Athlete gets OK to appear in games

Mountain Vista's Bailey Roby can still play, with certain conditions

Tom Munds
Mountain Vista's Bailey Roby, who plays on two prosthetic legs, has been cleared to play on a game-by-game basis as long as both schools and the officials come to an agreement.
Hannah Garcia
Bailey Roby practices shooting three-pointers during halftime in Highlands Ranch on Friday night. The Roby family had to pick up the special blue padding on his prosthetics the same day as the game "otherwise he wouldn't be able to play," according to his mother.
Photo
Posted

After news broke that Mountain Vista basketball player Bailey Roby may have made his last court appearance on Jan. 24, CHSAA said it will let the senior — who wears two prosthetic legs — play with certain conditions.

The story, originally published by Colorado Community Media before being picked up by numerous outlets, began making the rounds on social media late on Jan. 29. The hashtag #LetBaileyRobyHoop gained traction on Twitter, garnering hundreds of positive responses. A fellow student also posted a petition called “Put Roby Back In!” on www.thepetitionsite.com, which had gained 2,348 signatures as of Feb. 3.

Bailey Roby called the social media campaigns “really, really cool.”

“It's all been really positive,” the 6-foot-4 senior said.

Roby, born with just three toes on each foot, had both of his legs amputated as a baby. He was fitted with his first pair of prosthetics at age 3, picked up golf and baseball in elementary school and started playing basketball in the eighth grade.

Pat McCabe, Mountain Vista's athletic director, said he was “pretty damn proud of (the school's) kids” after seeing the burgeoning social media campaigns.

“I would have been a little disappointed if our kids weren't unhappy about this and (weren't) supporting Bailey, because we want him to play,” McCabe said. “Our kids and our community were huge allies.”

In response, the Colorado High School Activities Association released a statement claiming the athletic body's initial decision was made for Roby's safety as well as other players' and that it will now work on a game-by-game basis to approve Roby's participation in future games. Roby will be allowed to play as long as both schools have an agreement for certain safety parameters.

When CHSAA made its original decision, the high school sports authority based it on National Federation of State High School Associations rule 3-5-1 — which states that state associations can “provide reasonable accommodations” to individuals with “disabilities and/or special needs” and “extenuation circumstances” as long as those accommodations do not “fundamentally alter the sport, heighten risk to the athlete/others or place opponents at a disadvantage.”

CHSAA assistant commissioner Bert Borgmann said that although Roby's prosthetics do not alter the outcome of a game or cause a disadvantage, safety was a factor.

“When asked for the waiver of the rule, I had to look at the potential risk to the student and those around him,” Borgmann said. “I determined that the potential was enough that I could not give the waiver.”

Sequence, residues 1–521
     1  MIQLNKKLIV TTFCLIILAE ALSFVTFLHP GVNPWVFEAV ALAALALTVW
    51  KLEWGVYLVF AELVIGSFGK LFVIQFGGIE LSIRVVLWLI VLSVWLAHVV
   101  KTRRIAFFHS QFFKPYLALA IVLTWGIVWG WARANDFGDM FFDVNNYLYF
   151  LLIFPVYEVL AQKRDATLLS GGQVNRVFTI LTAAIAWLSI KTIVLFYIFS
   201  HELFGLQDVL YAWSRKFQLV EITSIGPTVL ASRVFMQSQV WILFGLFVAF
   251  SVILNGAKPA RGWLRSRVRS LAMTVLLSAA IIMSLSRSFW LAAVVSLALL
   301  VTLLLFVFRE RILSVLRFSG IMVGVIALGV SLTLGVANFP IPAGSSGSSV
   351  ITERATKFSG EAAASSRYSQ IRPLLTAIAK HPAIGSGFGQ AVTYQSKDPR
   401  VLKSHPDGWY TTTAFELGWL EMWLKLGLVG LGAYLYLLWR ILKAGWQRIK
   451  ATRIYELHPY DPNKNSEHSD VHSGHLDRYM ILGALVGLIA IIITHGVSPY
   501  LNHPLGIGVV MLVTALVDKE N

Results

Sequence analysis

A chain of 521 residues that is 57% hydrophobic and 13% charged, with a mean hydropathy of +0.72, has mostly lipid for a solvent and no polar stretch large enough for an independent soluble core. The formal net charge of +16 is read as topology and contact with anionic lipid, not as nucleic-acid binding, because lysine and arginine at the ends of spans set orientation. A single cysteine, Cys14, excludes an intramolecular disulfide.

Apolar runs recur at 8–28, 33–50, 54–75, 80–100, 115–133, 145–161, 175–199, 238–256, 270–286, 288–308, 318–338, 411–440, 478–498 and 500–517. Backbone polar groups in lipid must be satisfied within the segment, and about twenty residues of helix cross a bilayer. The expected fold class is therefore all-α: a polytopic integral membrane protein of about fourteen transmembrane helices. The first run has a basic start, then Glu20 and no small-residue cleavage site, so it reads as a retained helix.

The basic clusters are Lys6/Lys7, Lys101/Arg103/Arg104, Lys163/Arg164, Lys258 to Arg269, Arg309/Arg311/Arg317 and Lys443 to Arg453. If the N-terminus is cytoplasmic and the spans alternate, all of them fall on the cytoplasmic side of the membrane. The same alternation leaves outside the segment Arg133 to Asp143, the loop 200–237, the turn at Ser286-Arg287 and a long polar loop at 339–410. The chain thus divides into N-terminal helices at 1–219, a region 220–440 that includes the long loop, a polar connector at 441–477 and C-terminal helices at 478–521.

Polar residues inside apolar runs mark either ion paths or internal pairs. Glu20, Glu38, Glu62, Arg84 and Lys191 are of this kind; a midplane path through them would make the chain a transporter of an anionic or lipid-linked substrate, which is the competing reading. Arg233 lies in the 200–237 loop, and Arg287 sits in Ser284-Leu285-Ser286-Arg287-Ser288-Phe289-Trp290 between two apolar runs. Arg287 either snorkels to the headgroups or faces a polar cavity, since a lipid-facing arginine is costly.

McCabe did not agree with that initial decision.

“Did I understand what the justifications were? Yes. Did I agree? No,” McCabe said. “I didn't like it at all. But I did absolutely see where CHSAA was coming from.”

Borgmann said that the organization allowed Roby to play in the Littleton contest on Jan. 24 after discussing parameters to limit risk, but the understanding at the time was that was a one-time allowance for Roby. McCabe responded by leading the effort to get Roby off the bench for his first home game of the year.

“We discussed only the Littleton game and really did not look at future games,” Borgmann said. “As we moved forward with this, and with the success of the parameters established in the Littleton game, both parties (CHSAA and Mountain Vista) determined that a game-by-game assessment could perhaps allow for additional participation.”

When asked why there are safety concerns with Roby playing varsity basketball this year and not last year when he played junior varsity, Borgmann said “it really is the physical nature and speed of the game that differs from junior varsity.

“I remain concerned that without some of the parameters in place, the potential for injury to Bailey and others might have been increased. With the parameters in place, that risk is significantly minimized.”

McCabe said although the school and CHSAA were already discussing Roby's possible future participation and that public reaction may have “expedited the process.”

Roby's father said concerns about the senior posing a safety risk was unfounded, although he said he is glad that it appears CHSAA will make some accommodations for his son.

“I think it's ridiculous,” Scott Roby said. “I don't think Bailey is a hazard to anyone on the floor and certainly not to himself. He's been in hundreds of practices and he played junior varsity last year. If he falls down, he gets back up.”

Scott Roby said that Bailey has never sustained any major injuries and has not caused any harm to other players of which he is aware.

“He might not get in a game situation, but we're OK with that. We don't expect him to play, that's the coach's decision. It's just the part about being ineligible that we have an issue with,” Scott Roby said.

Bailey Roby said the response from school officials and coaches has been mostly positive.

“They just want to see me on the team,” he said.

Roby appeared again in the team's Jan. 31 game against Douglas County, finishing 0-for-1 from the field in the Golden Eagles' 75-59 victory.